This represents a 29 per cent increase in the number of retailers opening and a 14 per cent increase in the number of retailers shutting up shop in the region compared to the first half of 2015.
The figures are published today by PwC and The Local Data Company and show our high streets are changing to reflect customer demand and economic uncertainty.
In total eight town centres in the Yorkshire and Humber area did see positive net change in the first six months of 2016, with Harrogate, Bridlington, Huddersfield, Leeds, Brigg, Barnsley, Scunthorpe and Beverley all experiencing more openings than closures.
Bradford had the highest net reduction in Yorkshire, followed by Headingley in Leeds, Hull and Rotherham.
Caribbean and Argentinian restaurants, carpet retailers and casino clubs are amongst those growing at the fastest rate in Yorkshire with the data also revealing that across multiple retailers in the 25 town centres analysed in Yorkshire and the Humber, DIY stores, hair salons and confectioners have been amongst the hardest hit in the first half of 2016.
The change comes amid another turbulent year for Britain’s high streets, with BHS having gone out of business and a number of sectors, particularly fashion, struggling to keep pace with their online competitors.
Dan Stott, partner and retail specialist at PwC in Yorkshire and the Humber, said: “Whilst it’s disappointing to see the total number of stores today lower than at the beginning of the year, the overall message about consumer confidence and multichannel performance is positive.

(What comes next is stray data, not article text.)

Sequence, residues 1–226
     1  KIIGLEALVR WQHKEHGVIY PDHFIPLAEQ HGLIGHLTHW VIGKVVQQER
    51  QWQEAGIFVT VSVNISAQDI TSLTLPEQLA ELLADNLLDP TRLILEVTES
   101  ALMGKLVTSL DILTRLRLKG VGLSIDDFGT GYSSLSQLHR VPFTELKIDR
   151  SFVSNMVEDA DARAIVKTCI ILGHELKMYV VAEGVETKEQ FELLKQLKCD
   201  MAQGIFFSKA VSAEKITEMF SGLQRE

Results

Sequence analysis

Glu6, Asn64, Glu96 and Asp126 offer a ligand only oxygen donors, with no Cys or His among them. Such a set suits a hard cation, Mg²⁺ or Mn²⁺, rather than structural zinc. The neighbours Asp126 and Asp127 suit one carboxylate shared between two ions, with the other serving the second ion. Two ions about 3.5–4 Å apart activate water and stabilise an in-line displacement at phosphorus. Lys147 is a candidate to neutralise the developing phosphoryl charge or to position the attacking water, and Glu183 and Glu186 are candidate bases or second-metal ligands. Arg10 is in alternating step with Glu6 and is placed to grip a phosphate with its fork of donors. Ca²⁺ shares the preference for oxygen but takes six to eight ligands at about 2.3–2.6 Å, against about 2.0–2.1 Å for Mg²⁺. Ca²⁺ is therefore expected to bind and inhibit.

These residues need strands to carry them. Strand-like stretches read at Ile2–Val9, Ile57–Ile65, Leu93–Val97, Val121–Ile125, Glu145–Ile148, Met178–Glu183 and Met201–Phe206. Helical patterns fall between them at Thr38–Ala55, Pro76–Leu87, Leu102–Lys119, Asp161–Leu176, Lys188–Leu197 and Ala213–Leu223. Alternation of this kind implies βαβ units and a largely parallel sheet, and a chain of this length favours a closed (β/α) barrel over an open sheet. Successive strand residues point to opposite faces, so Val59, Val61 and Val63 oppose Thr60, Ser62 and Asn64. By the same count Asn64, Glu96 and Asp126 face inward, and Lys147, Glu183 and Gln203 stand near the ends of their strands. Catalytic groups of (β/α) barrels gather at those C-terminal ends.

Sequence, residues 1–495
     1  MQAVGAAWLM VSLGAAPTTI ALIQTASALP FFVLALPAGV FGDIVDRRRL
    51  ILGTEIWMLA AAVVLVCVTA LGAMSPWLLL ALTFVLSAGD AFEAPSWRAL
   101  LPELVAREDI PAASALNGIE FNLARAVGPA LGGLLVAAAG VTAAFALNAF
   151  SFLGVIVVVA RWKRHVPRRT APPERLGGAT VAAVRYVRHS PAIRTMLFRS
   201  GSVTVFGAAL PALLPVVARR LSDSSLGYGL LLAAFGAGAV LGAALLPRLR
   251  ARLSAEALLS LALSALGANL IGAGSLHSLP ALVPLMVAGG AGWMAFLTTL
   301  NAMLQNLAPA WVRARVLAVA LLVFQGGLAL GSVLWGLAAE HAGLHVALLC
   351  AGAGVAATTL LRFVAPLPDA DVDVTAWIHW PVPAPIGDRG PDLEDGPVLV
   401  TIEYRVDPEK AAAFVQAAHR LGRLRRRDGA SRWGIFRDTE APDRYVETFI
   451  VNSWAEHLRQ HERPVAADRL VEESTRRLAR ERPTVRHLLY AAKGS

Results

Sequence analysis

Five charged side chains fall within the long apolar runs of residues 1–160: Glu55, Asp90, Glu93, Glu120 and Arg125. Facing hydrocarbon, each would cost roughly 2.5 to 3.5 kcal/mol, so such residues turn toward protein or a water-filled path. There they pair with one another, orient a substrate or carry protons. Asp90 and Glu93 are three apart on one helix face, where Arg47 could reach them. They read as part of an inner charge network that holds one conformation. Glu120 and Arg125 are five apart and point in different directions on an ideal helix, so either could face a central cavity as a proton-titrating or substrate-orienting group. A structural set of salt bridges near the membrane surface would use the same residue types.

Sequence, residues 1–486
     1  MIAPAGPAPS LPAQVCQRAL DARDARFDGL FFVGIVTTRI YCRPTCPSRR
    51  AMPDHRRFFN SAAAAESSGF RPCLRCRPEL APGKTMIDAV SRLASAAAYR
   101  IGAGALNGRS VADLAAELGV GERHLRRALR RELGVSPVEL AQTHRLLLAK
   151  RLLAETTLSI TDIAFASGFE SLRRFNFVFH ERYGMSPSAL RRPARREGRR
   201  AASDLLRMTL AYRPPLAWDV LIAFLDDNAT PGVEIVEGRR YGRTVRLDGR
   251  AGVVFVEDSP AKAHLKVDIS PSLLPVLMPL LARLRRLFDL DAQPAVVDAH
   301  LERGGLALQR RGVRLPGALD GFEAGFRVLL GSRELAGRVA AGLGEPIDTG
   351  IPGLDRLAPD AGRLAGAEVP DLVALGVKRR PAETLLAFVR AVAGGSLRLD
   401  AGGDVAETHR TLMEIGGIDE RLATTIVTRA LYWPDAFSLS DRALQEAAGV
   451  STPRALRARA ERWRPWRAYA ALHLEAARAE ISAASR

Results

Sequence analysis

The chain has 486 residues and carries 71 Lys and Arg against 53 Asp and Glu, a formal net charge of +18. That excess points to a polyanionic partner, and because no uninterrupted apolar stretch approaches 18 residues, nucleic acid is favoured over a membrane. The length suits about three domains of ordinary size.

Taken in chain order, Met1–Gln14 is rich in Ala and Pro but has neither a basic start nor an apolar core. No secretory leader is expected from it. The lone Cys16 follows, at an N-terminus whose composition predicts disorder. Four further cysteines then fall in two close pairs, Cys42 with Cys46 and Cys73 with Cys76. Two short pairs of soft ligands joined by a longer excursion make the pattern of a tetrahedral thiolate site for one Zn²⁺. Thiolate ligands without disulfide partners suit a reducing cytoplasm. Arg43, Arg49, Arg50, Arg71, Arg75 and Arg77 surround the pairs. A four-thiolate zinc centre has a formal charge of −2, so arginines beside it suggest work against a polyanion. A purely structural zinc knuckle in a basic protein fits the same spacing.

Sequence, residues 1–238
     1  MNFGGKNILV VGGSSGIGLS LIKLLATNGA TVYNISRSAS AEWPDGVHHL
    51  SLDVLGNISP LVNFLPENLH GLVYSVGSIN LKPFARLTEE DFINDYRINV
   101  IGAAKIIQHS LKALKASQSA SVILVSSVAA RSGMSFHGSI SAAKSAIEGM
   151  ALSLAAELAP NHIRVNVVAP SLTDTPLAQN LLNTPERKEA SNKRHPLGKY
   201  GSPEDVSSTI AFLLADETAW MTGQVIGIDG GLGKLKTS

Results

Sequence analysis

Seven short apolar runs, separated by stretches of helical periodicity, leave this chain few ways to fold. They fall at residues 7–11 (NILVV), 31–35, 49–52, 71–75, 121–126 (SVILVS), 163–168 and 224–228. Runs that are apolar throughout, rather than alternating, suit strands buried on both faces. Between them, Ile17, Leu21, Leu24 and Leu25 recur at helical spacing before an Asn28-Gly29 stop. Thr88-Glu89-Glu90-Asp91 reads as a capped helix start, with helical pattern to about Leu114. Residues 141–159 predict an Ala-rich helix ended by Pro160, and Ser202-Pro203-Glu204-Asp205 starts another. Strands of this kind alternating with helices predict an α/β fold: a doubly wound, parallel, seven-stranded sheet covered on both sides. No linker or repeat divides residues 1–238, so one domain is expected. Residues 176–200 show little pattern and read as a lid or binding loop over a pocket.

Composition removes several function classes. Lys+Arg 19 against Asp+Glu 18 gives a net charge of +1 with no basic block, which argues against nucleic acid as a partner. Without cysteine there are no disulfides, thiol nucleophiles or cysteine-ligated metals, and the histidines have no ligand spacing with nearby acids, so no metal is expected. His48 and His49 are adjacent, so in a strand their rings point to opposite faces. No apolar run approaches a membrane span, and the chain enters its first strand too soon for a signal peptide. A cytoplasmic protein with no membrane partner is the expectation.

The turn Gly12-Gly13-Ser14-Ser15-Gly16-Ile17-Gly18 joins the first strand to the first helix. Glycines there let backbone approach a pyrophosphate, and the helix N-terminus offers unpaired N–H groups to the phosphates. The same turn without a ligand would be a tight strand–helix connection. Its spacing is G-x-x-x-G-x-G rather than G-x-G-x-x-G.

“Less than 0.5 per cent of shops have closed their doors and our recent Total Retail report shows over 45 per cent of consumers now shop online weekly, which has reduced the number of store fronts needed but not reduced retail sales. “Note though that some locations such as Leeds and Harrogate have fared better than others such as Doncaster, which has seen 33 stores close in the first half of 2016.”
The research found that in the first six months of 2016, 2,656 shops closed on Great Britain’s high streets, a rate of 15 stores a day.
Yorkshire was better placed than most regions, with London, Scotland and the South East all fairing significantly worse
David Hooper, external affairs manager at Hull and Humber Chamber of Commerce, told The Yorkshire Post: “At a time when big names are disappearing from the high street it is great to see some of our smaller towns doing well.
“Places like Brigg, Bridlington and Scunthorpe in Yorkshire and Humber area all registered positive figures with more shops opening than closing.
“It is a challenging time for high street with the advent of the internet and click and collect services, making it hard for smaller firms to compete.
“However good local services remains hard to beat and with Hull’s year as City of Culture just around the corner we expect to see big increases in tourism into the area which will benefit retailers across the region.”
The report’s authors said this partially reflects the impact the EU referendum has had on the retail market, with activity levels slowing as retailers remained cautious due to the uncertainty.
Other contributing factors include the advance of online shopping, which has led to an overhaul of retail store strategies for national chains.
Retail parks were the only location type to see growth in the number of occupiers, although their activity levels were significantly lower than both high streets and shopping centres.
Shopping centres had the highest percentage net loss, of -1.0 per cent in the first half of the year.